A top aide of chief minister Mehbooba Mufti sat holding his head after hearing the press conference addressed by Union ministers Arun Jaitley and Rajnath Singh. “What a disaster,’’ he said, referring to New Delhi’s approach of, “there will be no compromise on national security”. Within a few minutes, a ruling party supporter walked into the aide’s living room and said, “Sir, don’t mind my saying it, but the government is totally absent.”
But unlike 2010, when Omar Abdullah was facing the wrath of the protesters and Mehbooba was on an overdrive, taking to the streets against the use of pellet guns, this time round, both the government and the Opposition are absent. Neither the PDP’s ministers nor Abdullah and his National Conference colleagues have been able to visit any of Srinagar’s hospitals that receive a steady stream of wounded youth, hit either by pellets or bullets.
In five weeks since the death of militant commander Burhan Wani on July 8, Mehbooba has only spoken twice. She recorded a televised message on July 11, in which she pleaded with parents not to let their children take to the streets and her next big speech came a month later, on August 15 at the Independence Day celebration. She also met a few families but managed that only after they had been ferried to the safe confines of official guest houses.
“The youth have no appetite for mainstream political parties. Believe me, we will be lynched,’’ says Abdullah of why he is absent and why parties like his are not building a counter-narrative to Delhi’s hard line. He used to visit his constituency in Budgam frequently but has not made a single trip in the last five weeks.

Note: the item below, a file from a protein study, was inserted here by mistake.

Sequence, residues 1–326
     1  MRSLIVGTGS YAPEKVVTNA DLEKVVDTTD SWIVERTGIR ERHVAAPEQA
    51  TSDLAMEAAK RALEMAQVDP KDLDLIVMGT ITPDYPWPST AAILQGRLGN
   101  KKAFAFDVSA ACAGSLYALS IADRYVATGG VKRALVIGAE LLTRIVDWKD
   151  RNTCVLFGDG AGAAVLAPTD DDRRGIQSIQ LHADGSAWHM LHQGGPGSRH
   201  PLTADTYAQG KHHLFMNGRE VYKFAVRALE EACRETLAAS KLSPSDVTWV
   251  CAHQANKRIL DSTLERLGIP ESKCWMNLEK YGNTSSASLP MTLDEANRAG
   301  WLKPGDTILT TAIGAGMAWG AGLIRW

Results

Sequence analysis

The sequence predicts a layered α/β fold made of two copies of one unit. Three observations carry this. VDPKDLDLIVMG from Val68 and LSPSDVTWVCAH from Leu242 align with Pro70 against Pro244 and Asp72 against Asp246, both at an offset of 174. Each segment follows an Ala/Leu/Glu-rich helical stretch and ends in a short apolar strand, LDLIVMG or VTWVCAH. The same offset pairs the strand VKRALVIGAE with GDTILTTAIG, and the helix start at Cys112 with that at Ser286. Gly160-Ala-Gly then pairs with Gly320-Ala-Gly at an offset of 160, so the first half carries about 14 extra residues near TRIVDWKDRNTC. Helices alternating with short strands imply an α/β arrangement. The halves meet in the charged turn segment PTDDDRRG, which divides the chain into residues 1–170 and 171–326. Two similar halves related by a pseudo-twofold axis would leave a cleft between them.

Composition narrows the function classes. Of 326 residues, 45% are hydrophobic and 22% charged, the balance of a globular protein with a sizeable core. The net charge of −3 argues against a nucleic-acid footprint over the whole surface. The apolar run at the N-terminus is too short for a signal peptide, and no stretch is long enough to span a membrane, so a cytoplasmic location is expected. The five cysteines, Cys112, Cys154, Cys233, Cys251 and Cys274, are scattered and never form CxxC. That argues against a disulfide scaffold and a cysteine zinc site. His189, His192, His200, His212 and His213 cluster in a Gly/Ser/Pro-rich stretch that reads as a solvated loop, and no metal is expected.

Mehbooba needs to be heard but explains former RAW chief and Kashmir analyst AS Dulat, “She has become too much a part of Delhi and has left the current problem to the Centre.’’ He is not off the mark. The CM, a street-smart politician who built her party by visiting homes of civilians and militants killed by security forces, has gone into a siege mentality. In 2010, the same Mehbooba had walked to the gates of the secretariat which houses the CM’s office and put a lock on it to demonstrate that the then government was in lockdown.
The shoe is on the other foot now and unlike her father Mufti Mohammad Sayeed, who was unapologetic about taking the BJP’s help to form the government, Mehbooba has not been articulate the reasons for what she herself termed as an “unpopular alliance”. She knows perhaps, that the same people who are today being labelled as ‘murderous mobs’ are the ones who defied the boycott call issued by separatists and came out to vote, mainly to keep the BJP out of the Valley.
The current problem has been confounded by the fact that in the absence of Kashmir’s political parties, there is no interface between the protesters and New Delhi. And Delhi’s talk of Balochistan is only fuelling the fire. And the Valley remains caught in a vicious cycle of violence with no early end in sight.